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Women Business Owners – How to Win your Share of Government Business

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Women Business Owners – How to Win your Share of Government Business

By Caron_Beesley, Contributor
Published: March 21, 2012 Updated: March 5, 2014

The U.S. federal government buys nearly $100 billion worth of goods and services from small businesses each year. However, for many women-owned small businesses (WOSBs) competing in this lucrative market has been tricky. In fact, in recent years, WOSBs received only four percent of the $400+ billion in government contracts awarded to small businesses.

In an effort to address this shortfall and create a more level contracting playing field for WOSBs, the SBA implemented a women’s contracting program to allow contracting officers to set aside contracts for WOSBs and give them a better shot at reaching the goals.   

So what is the WOSB Program and how can you take advantage of it? Here’s what you need to know and the steps you need to take to get your business certified to participate!

What is the WOSB Program?

The Women-Owned Small Business Federal Contract Program provides equal access to federal contracting opportunities for WOSBs and economically disadvantaged WOSBs. The program allows contracting officers to set aside specific contracts (those less than $6.5 million in the case of manufacturing contracts and less than $4 million in the case of all other contracts) to these groups.

Program Eligibility

To be eligible for these set-aside contracts, WOSBs must meet the following criteria:

  • Be a small business that is at least 51 percent owned and controlled by one or more women who are U.S. citizens.
  • A woman must manage the day-to-day operations, make long-term decisions for the business, hold the highest officer position in the business and work at the business full-time during normal working hours.

To be an eligible economically-disadvantaged WOSB, a company must:

  • Be a WOSB that is at least 51 percent owned by one or more women who are “economically disadvantaged” (personal net worth of less than $750,000, adjusted gross income of less than $350,000, and the fair market value of her assets is less than $6 million).
  • An economically disadvantaged woman must also manage the day-to-day operations, make long-term decisions for the business, hold the highest officer position in the business and work at the business full-time during normal working hours.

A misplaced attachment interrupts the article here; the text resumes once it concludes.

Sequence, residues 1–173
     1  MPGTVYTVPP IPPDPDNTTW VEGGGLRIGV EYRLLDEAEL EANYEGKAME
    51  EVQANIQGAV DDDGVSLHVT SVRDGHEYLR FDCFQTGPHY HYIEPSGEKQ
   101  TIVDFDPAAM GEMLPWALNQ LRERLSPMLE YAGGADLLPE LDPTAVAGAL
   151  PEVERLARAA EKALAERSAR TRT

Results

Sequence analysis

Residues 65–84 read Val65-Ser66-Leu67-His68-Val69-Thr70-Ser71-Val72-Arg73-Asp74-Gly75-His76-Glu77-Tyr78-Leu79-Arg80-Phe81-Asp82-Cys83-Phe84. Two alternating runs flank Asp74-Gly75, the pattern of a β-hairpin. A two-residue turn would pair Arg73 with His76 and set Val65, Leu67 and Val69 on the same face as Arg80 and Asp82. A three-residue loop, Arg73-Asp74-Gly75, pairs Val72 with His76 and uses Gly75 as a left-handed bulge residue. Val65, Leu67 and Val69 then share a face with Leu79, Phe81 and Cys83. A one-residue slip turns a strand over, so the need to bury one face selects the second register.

How to Participate in the Program

If you meet the eligibility requirements above, you’ll then need to either self-certify or obtain third-party certification (read more about the certification process here).

To ensure you can compete for these WOSB set-aside contracts as soon as possible, be certain to review all the program requirements on the SBA website and ensure your required documents are uploaded to the WOSB Program Repository. WOSBs also will need to update their status in the System for Award Management (SAM) to indicate to contracting officers that they are eligible to participate.

Take Advantage of Free Training

If you are new to government contracting, or this all sounds like gobbledygook, help is at hand.

SBA offers a number of training and outreach activities to help WOSBs understand the program, including:

  • Online Training: Government Contracting 101 – These free online courses explain the basics about doing business with the federal government. Take a look at Part 1 and Part 2 for information about the WOSB Program, too.
  • In-Person Training/Assistance – Contact your local SBA Office for specific training about the WOSB Program at a location near you. SBA’s Women’s Business Centers, located nationwide, can also advise on the program.
  • Online Handbook – SBA has also put together this easy-to-read handbook (PDF) for small businesses interested in learning about the WOSB Program, including eligibility requirements, federal contracting opportunities and how the program works in general. 

Additional Resources

Winning a government contract “…can provide women-owned small businesses with the oxygen they need to take their business to the next level,” explained former SBA Administrator, Karen Mills, when she announced the WOSB Program in 2011.

Learn more about the opportunities in this market and get help from those who’ve have been there with these discussion threads, articles and guides:

About the Author:

Caron Beesley

Contributor

Caron Beesley is a small business owner, a writer, and marketing communications consultant. Caron works with the SBA.gov team to promote essential government resources that help entrepreneurs and small business owners start-up, grow and succeed. Follow Caron on Twitter: @caronbeesley

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